This week, the Senate “Gang of 8” may unveil their proposal for comprehensive reform. Immigrant advocates are concerned, however, that it will include provisions shifting away from a family-based system to an employment-based system. Democrats, faith groups, and labor unions favor the former, while Republicans back the latter. Senator Lindsey Graham (R-SC) told The Washington Post that his goal is “to replace a chained migration immigration system with an economic-based immigration system.”
Graham has it wrong. Family unity must remain the cornerstone of our immigration policy. An employment-based system flies in the face of American values of equality and fairness. Keeping families together is good for immigrants, good for society, and good for the economy.
According to the Migration Policy Institute, about two-thirds of legal immigrants are admitted for family reasons, and 14 percent for employment (the rest come on humanitarian grounds). Now Republicans want to give more preference to skilled workers. Early reports suggest that the Senate plan would eliminate preferences allowed for green-card holders to sponsor siblings and married adult children. While the numbers involved are relatively small – these categories account for only 90,000 visas annually – the broader implications are tremendous.
Our immigration system is based on family reunification because it upholds our democratic ideals. If we began to favor immigration based on merit, skills, and employment prospects, we would be discriminating against women around the world who do not have access to higher education and certain professions. We would be sending the message that our country welcomes the elite, rather than all people.
Sen. Jeff Sessions (R-AL) does not believe that immigrants should have the right to petition for family members to join them. “Just because it’s painful—you made a choice to come to America— [that] doesn’t necessarily mean [you] get to bring your aging parents or your brother and sister. It just does not mean that,” he said in a House Judiciary Committee meeting last month. He overlooks the reality that extended families are the backbone of immigrant communities. Immigrants survive and thrive because they have a support system of relatives to help them create new lives.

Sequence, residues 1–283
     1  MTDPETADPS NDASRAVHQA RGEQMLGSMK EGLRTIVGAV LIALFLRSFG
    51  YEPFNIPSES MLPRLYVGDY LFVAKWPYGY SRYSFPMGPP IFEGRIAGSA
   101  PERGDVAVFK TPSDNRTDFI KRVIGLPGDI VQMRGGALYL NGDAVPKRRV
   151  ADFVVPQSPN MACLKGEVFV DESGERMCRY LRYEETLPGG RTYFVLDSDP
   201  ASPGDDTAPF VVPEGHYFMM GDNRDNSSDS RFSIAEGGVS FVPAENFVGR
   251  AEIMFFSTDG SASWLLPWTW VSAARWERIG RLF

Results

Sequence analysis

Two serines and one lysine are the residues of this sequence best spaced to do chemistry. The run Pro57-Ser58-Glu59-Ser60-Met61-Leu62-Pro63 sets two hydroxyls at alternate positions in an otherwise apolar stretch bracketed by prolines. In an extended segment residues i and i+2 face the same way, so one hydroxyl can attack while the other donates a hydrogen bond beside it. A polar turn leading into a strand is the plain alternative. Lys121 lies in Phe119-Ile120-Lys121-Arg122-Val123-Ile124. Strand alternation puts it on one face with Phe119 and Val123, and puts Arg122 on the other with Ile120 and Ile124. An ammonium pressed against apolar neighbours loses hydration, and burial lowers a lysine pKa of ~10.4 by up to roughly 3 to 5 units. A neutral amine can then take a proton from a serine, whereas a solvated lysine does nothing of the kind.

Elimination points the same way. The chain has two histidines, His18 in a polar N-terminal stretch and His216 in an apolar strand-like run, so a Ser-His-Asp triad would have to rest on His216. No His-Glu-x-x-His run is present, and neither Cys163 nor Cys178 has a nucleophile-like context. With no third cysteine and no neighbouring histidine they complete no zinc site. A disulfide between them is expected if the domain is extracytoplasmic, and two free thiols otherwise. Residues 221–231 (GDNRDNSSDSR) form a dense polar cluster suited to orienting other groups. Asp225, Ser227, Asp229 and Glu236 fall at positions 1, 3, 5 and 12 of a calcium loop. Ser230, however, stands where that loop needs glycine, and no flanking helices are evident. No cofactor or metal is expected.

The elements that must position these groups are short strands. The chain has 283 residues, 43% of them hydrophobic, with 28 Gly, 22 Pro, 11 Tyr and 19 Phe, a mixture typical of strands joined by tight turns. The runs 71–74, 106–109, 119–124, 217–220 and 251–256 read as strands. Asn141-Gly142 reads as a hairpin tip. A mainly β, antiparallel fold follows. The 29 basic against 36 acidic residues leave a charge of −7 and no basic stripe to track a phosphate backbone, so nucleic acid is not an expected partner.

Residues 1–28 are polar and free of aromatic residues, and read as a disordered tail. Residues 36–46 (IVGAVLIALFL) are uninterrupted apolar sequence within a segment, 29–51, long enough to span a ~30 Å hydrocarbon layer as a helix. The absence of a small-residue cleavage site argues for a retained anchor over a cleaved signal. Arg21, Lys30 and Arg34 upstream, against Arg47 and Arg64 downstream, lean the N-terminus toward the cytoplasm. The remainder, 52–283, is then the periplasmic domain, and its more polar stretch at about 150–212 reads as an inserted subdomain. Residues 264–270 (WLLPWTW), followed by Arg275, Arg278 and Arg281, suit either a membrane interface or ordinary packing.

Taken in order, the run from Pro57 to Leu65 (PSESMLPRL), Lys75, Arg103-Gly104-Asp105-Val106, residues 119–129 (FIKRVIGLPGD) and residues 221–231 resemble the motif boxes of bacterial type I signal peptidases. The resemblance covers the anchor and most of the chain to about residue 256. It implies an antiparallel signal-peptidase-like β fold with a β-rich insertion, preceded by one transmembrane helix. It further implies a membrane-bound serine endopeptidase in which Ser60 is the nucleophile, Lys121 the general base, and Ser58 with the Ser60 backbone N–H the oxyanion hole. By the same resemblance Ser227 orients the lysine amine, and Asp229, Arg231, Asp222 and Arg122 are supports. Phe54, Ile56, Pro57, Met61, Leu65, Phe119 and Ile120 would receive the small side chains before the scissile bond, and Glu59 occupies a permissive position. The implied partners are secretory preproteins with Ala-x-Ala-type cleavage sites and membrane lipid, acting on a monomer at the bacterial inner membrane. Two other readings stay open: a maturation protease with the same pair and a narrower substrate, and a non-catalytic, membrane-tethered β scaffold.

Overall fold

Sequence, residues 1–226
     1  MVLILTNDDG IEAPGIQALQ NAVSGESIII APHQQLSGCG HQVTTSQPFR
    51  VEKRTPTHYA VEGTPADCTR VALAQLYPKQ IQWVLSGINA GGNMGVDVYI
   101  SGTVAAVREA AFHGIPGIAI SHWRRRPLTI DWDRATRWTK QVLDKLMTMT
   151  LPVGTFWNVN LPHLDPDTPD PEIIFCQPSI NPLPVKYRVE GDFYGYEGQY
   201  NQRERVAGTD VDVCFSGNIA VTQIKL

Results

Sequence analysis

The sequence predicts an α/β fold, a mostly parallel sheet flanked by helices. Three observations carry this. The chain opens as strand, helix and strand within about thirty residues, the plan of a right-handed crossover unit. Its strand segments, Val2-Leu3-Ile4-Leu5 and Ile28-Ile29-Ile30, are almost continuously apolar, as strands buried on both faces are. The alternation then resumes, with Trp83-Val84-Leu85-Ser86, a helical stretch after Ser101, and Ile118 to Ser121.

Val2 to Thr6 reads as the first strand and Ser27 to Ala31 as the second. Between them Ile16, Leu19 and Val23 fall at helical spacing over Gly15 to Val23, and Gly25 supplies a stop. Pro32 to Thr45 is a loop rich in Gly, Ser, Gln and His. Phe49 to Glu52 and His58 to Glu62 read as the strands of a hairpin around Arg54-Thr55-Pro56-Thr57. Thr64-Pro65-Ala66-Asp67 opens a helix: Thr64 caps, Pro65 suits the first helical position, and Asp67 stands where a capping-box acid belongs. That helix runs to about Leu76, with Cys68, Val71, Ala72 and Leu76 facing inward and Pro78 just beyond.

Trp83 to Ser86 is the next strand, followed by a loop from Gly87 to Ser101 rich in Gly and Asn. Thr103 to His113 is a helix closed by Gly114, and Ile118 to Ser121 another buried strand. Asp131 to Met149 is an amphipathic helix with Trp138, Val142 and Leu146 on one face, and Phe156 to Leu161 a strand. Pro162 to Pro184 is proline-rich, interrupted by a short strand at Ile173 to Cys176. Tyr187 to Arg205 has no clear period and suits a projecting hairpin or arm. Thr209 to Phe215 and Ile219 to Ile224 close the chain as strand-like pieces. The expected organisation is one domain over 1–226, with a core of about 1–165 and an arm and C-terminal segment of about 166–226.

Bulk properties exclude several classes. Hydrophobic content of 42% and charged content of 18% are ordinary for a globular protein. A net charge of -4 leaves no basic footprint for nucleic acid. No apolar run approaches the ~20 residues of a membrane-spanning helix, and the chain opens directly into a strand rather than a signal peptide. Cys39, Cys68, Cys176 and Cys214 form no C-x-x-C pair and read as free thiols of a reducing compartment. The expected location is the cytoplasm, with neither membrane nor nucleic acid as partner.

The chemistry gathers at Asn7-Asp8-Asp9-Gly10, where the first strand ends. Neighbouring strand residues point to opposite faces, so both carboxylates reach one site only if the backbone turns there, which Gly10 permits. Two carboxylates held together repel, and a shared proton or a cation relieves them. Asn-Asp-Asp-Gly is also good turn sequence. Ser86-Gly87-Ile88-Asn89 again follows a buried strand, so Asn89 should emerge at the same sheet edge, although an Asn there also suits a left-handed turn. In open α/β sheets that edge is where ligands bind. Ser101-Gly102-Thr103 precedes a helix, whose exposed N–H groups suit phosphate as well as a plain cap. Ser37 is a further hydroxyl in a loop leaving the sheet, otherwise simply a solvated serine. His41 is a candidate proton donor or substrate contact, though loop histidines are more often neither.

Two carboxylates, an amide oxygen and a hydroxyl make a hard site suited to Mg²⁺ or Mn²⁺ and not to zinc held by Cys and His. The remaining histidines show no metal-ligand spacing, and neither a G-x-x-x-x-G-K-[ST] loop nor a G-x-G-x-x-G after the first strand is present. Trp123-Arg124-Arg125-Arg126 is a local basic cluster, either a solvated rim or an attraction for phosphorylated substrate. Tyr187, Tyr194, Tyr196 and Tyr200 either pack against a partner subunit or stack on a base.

Family immigrants grow our economy by finding jobs, paying taxes, buying goods and services, and starting businesses. Consider Jerry Yang, the co-founder of Yahoo, and Sergey Brin, one of the co-founders of Google. They seem to be exactly the type of immigrant that Republicans would favor admitting based on their high-tech skills. Yet both Yang (from Taiwan), and Brin (from the Soviet Union) came to the U.S. as children on family visas. If we organize our system away from family preferences, we might miss out on the next Internet entrepreneur.
Sen. Marco Rubio (R-FL), a member of the Senate “Gang of 8 says, “In the 21st century, more of our immigration needs to be based on merit and skill.” This is ironic, because in Cuba his father was a security guard and his mother was a cashier. Rubio’s uncle, aunt, and grandparents were all able to enter the country based on family ties. Rubio is living proof that our family-based immigration system can result in spectacular success. His American dream would have been impossible under a system that evaluated employment prospects or qualifications.
Yes, our immigration system is dysfunctional, in part due to the backlog of family-based immigration petitions. The solution is not to eliminate visa categories. The solution is to clear the backlog, or add more visas. Immigration is not a zero-sum game; we can have more visas for skilled workers without reducing those for family members.
Immigration reform should not pit economic interests against family interests. The Senate must protect our family-based visa categories. All immigrants add value to society, not just those with PhDs.
Raul A. Reyes is an attorney and member of the USA Today Board of Contributors.